by Staff Sgt. Siuta B. Ika
99th Air Base Wing Public Affairs
4/22/2015 - NELLIS AIR FORCE BASE, Nev. -- The
Nevada Test and Training Range was part of history April 21, when four
U.S. Marine Corps-assigned F-35B Lightning IIs participated in its first
Marine Corps' Final Exercise of the Weapons and Tactics Instructor
course on the NTTR's ranges.
The Final Exercise, or FINEX, is the capstone event to the U.S. Marine
Corps Marine Aviation Weapons Tactics Squadron 1's seven-week WTI course
and is a semi-annual, large-force employment exercise held throughout
This particular evolution of FINEX employed the F-35Bs as part of the
"Blue" strike package whose objective was to degrade, depress and
destroy integrated air defense systems and other ground targets on the
NTTR, which were guarded by "Red" adversary aircraft from Marine Corps
Air Station Yuma, Arizona, and Nellis Air Force Base, Nevada.
U.S. Marine Corps Maj. Geoff Franks, MAWTS-1 weapons school instructor
and F-18 Hornet instructor pilot, explained the importance of
integrating the F-35B into exercises like FINEX and the role the Air
Force has played in helping MAWTS-1 generate tactics, techniques and
procedures for Marine pilots of the fifth-generation aircraft.
"What we've done is we've leveraged the Air Force heavily because the
Air Force is way ahead of the game in terms of fourth to fifth
integration -- integrating fourth-gen assets like the F-15 (Eagle) with
fifth-gen assets like the F-22 (Raptor)," Franks said. "Now as the F-35
has come along, which for the Marine Corps the F-35 is going to (initial
operational capability) around July, we need to be postured to teach
tactics to the F-18 community so the Marine F-18 fleet will be able to
start integrating with the F-35s.
"In order to do that, we have leveraged heavily the proven, published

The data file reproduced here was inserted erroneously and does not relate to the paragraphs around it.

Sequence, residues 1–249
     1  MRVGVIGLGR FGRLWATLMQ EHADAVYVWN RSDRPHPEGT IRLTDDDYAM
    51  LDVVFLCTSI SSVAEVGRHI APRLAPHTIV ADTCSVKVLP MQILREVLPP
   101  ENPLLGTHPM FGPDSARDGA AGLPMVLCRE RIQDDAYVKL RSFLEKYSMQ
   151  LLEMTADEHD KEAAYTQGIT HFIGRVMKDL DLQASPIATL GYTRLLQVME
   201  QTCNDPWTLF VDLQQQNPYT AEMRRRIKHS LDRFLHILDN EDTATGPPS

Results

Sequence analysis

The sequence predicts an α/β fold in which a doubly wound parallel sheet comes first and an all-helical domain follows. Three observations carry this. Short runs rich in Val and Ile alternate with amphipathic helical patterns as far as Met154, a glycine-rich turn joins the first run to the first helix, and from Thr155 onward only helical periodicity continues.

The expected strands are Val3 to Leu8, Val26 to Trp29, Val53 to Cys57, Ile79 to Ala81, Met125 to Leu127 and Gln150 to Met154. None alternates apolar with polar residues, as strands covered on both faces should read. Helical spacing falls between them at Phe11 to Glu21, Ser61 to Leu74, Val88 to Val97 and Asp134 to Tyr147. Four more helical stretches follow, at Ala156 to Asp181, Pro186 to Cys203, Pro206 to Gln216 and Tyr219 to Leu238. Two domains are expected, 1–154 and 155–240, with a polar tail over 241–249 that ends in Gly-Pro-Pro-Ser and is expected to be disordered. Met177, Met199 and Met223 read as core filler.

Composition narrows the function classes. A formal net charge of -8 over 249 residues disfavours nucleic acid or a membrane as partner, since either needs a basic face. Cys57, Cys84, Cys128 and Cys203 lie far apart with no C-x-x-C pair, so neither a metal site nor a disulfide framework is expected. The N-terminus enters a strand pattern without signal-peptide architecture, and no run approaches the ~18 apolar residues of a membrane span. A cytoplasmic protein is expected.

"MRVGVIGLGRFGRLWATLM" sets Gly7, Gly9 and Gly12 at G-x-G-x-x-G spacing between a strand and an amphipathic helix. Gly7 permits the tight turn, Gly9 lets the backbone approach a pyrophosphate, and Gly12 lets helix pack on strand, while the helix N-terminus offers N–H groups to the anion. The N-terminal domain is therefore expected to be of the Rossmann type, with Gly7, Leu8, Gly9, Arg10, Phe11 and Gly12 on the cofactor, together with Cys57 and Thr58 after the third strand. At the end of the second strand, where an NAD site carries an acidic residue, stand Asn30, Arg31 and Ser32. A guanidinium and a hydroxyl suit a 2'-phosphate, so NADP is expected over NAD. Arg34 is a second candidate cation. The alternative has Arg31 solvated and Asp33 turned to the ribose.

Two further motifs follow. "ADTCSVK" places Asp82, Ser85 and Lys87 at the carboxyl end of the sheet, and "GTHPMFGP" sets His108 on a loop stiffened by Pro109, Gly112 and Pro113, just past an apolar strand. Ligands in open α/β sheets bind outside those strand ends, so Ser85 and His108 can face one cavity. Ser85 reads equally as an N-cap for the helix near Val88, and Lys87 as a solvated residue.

TTPs that the Air Force has been using for about a decade," Franks
continued. "One of the limiting factors of fifth-gen assets is they
can't carry as much ordnance (as fourth-gen assets), so if you can
maximize the lethality of fifth-gen assets using fourth-gen, we will
become a very lethal and survivable force."
Franks also explained why MAWTS-1 WTI cadre love exercises on the NTTR.
"We do it on the NTTR because of the unique nature of what we can do
there -- the NTTR offers a unique opportunity for students, and the
F-35, to operate in a heavily-contested environment," Franks said. "I
will always bring in U.S. Air Force assets because it further increases
our learning for our students. If they learn to (operate in) that
heavily contested, very difficult mission set like what we can provide
them in the NTTR, they see the benefit."
U.S. Air Force Col. Thomas E. Dempsey III, NTTR commander, said the NTTR
offers users more than just its 2.9 million acres of land and 5,000
square miles of airspace.
"The NTTR ties all domains -- air, space and cyber -- into operational
realistic training and readiness, so the Marines choose this as their
battle space for their graduate-level graduation exercise because we, in
an operationally-integrated mentality, offer the best battle space to
get at the systems and the complexities that the F-35 brings," Dempsey
said. "That's the thing about the NTTR that sets us apart from everybody
else is not just the physical land space, but the systems that we can
challenge aircrews with. We offer the most comprehensive environment for
warfighter realism training."
In addition to the Marine Corps' semi-annual, large-force employment
exercises, Martin Blount, NTTR project manager, said the NTTR supports
another 8-10 Marine Corps training entities on the range per year,
including the U.S. Marine Corps Program Office, which conducts
shelf-life testing of munitions.